It could be the leading character from an anime, perhaps an unusually designed teks that resembles a specific franchise with enough alterations conveniently evading copyright concerns. Sometimes, it’s just a lucky, old, battered card that balances gravity and luck to always be the odd side flipped to win every scrimmage.

Teks acquired in such battles, whether through wager or conditions set prior are often valued as prized trophies. When a particular player amasses several teks that go beyond the counting cadence of “I-sa, dala-wa, tat-lo, a-pat,” they sometimes even go to another neighborhood or school to play with others.

Origins of trade cards 

Teks or trading cards can be traced back as far as late the 1800s to the early 20th century. With the advent of colored lithography, or the printing method of designs drawn into a flat stone, multicolor artwork became more accessible and less expensive to produce. 

According to a research piece done by Cornell University, trade cards in color emerged as a viable means of advertising. Over time, what once templated cards wherein traders can just insert the name of their products or services, larger companies started commissioning exclusive artwork for their goods. 

From tonics, medicines, cigars, among many others, these trade cards served somewhat as a bonus prize. The colorful artwork and novelty of the designs led to the public in collecting trade cards gaining separate value from a marketing tool to a collectible. 

Although not directly related to history of Pinoy teks, the behavior rooted in these Victorian era trade cards are still practiced to this day. Preserving cards that are shiny and bearing vivid imagery resemble pulling rare Pokemon cards from booster packs. The collecting aspect and the subjective value from each owner in completing different sets are all evident to teks and other trading card games past and present.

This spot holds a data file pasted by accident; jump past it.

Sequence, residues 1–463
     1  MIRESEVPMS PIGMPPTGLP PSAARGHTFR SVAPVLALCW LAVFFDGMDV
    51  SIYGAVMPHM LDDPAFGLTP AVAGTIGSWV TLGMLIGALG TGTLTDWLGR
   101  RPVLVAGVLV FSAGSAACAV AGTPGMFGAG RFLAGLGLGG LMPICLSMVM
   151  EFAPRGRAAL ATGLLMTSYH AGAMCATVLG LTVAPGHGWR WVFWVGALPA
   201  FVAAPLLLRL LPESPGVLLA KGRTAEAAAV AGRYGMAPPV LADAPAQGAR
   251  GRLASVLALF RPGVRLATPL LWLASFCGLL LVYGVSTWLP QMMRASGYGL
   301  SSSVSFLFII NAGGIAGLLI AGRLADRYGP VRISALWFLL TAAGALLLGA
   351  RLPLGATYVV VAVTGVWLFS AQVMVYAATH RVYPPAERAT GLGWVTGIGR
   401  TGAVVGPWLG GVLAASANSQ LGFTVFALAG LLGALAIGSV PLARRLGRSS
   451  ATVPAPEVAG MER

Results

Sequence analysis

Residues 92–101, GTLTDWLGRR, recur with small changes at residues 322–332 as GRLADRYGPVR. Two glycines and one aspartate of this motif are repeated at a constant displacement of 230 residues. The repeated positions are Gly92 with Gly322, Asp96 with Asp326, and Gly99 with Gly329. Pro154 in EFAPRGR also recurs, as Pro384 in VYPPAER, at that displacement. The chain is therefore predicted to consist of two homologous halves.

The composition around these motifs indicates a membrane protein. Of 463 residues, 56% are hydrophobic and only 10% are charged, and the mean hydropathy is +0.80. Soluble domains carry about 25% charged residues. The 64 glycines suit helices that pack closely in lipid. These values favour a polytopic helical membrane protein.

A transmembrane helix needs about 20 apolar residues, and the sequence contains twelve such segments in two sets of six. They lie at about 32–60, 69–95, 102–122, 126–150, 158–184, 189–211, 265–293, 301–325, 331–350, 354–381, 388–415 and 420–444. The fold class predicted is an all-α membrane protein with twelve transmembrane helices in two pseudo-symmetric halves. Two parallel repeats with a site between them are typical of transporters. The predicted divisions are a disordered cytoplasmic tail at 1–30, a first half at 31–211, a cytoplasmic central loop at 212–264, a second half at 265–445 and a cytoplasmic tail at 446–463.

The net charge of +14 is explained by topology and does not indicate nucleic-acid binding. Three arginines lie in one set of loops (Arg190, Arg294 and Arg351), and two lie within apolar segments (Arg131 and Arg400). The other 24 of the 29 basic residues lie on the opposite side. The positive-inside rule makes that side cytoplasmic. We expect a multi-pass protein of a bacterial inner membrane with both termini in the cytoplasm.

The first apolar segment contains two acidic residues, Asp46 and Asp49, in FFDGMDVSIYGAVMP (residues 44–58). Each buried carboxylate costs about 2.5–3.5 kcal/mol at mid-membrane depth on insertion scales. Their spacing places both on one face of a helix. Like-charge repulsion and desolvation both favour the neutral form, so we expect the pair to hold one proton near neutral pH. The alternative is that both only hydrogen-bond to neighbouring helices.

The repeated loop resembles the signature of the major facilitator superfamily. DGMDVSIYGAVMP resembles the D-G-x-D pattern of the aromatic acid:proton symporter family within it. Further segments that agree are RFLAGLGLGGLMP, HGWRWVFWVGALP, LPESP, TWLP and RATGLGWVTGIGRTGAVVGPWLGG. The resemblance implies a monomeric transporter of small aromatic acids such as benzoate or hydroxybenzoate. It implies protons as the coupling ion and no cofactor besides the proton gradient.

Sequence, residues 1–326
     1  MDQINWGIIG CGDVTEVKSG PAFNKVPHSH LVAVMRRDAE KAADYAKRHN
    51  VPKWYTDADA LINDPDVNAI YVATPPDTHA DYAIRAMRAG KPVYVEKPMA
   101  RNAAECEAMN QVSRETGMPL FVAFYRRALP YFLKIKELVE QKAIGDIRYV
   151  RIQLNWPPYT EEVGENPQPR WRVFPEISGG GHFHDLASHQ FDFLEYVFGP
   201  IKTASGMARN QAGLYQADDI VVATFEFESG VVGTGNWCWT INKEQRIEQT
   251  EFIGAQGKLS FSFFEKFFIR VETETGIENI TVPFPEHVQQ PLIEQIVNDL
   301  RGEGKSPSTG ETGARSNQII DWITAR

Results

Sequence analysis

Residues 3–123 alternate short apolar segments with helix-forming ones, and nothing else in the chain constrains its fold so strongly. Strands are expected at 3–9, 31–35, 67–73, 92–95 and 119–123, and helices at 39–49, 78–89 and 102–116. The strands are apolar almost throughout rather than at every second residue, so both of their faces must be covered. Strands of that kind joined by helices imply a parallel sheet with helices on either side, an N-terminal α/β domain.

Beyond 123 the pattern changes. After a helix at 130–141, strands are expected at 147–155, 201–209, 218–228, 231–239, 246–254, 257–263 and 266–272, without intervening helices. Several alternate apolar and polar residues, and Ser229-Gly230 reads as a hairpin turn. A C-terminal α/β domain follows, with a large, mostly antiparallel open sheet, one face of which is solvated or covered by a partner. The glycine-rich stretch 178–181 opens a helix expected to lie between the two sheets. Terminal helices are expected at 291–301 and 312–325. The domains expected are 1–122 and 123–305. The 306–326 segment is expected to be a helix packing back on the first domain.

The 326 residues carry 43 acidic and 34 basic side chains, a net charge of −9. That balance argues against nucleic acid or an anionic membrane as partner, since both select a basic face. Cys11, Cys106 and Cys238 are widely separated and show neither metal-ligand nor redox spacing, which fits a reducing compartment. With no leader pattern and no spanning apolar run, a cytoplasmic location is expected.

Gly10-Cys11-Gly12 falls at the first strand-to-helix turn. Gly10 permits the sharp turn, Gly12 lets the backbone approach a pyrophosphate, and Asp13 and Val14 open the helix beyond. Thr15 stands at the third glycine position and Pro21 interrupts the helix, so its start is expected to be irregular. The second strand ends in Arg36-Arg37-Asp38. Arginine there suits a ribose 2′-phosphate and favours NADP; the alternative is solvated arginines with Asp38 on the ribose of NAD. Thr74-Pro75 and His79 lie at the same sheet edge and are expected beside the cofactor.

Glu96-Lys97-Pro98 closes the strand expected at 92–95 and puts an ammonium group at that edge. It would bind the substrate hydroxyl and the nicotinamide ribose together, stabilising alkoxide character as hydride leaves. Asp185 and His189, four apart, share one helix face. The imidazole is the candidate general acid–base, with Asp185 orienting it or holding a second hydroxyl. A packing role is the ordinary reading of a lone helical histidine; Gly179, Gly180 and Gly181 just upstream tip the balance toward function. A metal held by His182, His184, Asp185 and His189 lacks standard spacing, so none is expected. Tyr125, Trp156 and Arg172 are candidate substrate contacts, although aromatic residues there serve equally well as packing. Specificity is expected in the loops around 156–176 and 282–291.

Do kids still play teks

Although far from classifying teks as one of the definitive traditional games in the Philippines, it can’t be that far off to make an argument that it is still a part of the country’s heritage for a generation of Filipino kids. 

With modern-day gadgets such as mobile phones, tablets, and gaming consoles dominating the attention span of the younger generation for recreation, interest in local games such as this continues to wane.

The country has a number of national days to commemorate a particular aspect of culture such as National Children’s Month every November. Originally a piece of legislation under Republic Act No. 10661 of 1989 to safeguard children’s rights, it has since found success in the promotion of the youth’s well-being through community programs such as fun runs, larong Pinoy (Filipino games), and the like. 

Celebrations like this could be a platform to reintroduce the younger generation to this once cherished game played by their parents to inspire and expand their horizons in history and appreciation of their local heritage. 

It may be a relic of its time or a natural decline to make room for other games, but perhaps there is still value in revitalizing this local hobby. 

In South Korea, the concept of ‘newtro’ a portmanteau of new and retro emerged in 2018 that blended modern trends and retro eras of the 1980s and the 1990s. With the right passion and committed people, there’s still a chance for this game to witness the same phenomenon in bringing the old and new together.